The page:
Diane Johnson has lived an interesting life. We can read a snippet of her story in an article titled "Accomplished volunteer travels the world" (Del Mar Times). Excerpt:
After graduating from law school, she joined St. Jude Medical, Inc., a manufacturer of cardiac devices that was headquartered in St. Paul, Minnesota. Not only was she the company’s first in-house legal advisor, but she was also the first woman in senior management. When she retired
from the company in 1997, she was vice president and general counsel.
Johnson decided to dedicate her retirement years entirely to volunteering for worthy causes. Since 1997, she has helped animals through Rancho Coastal Humane Society, the Pet Encounter Therapy Program at Helen Woodward ...
The article lists several other volunteer activities.
Her response to one particular question described what I found to be a both unusual and fun idea.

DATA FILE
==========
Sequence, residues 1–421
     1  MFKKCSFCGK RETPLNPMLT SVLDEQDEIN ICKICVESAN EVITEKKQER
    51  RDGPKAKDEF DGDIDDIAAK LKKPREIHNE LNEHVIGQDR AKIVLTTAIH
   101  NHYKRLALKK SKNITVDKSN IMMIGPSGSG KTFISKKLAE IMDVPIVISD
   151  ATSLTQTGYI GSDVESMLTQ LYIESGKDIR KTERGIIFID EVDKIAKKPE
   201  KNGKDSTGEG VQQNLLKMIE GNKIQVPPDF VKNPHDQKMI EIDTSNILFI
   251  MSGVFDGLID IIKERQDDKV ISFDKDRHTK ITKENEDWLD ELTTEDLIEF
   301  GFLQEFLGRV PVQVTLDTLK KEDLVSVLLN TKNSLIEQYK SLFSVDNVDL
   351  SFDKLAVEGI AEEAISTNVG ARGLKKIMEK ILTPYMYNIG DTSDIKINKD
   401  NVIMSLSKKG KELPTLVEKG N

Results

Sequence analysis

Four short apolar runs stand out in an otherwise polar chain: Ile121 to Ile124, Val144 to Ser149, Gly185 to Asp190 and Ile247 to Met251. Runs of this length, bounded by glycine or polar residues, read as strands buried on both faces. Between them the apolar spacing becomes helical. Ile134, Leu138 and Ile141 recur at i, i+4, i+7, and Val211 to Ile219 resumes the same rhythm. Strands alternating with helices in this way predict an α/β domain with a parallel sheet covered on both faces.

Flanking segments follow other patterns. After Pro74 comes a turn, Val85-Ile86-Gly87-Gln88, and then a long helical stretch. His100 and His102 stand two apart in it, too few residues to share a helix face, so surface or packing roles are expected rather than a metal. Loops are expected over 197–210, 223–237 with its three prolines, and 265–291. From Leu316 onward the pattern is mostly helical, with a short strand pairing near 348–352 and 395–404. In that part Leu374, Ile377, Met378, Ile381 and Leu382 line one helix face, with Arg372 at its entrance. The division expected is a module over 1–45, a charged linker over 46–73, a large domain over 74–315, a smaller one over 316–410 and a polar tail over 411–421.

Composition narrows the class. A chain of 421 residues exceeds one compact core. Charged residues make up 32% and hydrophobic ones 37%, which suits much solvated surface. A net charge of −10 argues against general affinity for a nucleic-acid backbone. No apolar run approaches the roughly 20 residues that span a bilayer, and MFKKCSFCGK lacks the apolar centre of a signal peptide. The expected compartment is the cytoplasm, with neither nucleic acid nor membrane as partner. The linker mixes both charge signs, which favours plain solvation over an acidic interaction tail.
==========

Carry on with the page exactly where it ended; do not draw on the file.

If you hosted a dinner party for eight, whom (living or deceased) would you invite?
I’d invite Jane Goodall because of her work with chimpanzees in Tanzania, Dian Fossey because of her work with gorillas in Rwanda, Laurie Marker because of her work with the Cheetah Conservation Fund in Namibia, and Susan Butcher, who was the first woman to win the Iditarod Dog Sled race three times. Then I’d ask the Make a Wish Foundation to invite four Make a Wish kids who have a sense of adventure and who love animals.
The writer's final question to her . . .
What is your motto or philosophy of life?
It was at his death that I read what Sargent [Robert] Shriver told graduating students at Yale in 1994: “Break the mirrors … Shatter the glass in our society that is so self-absorbed, begin to look less at yourself and more at each other. Learn more about the face of your neighbor and less about your own.”
And, as is true with so many of the subjects of our life-after-law stories, Johnson practices yoga.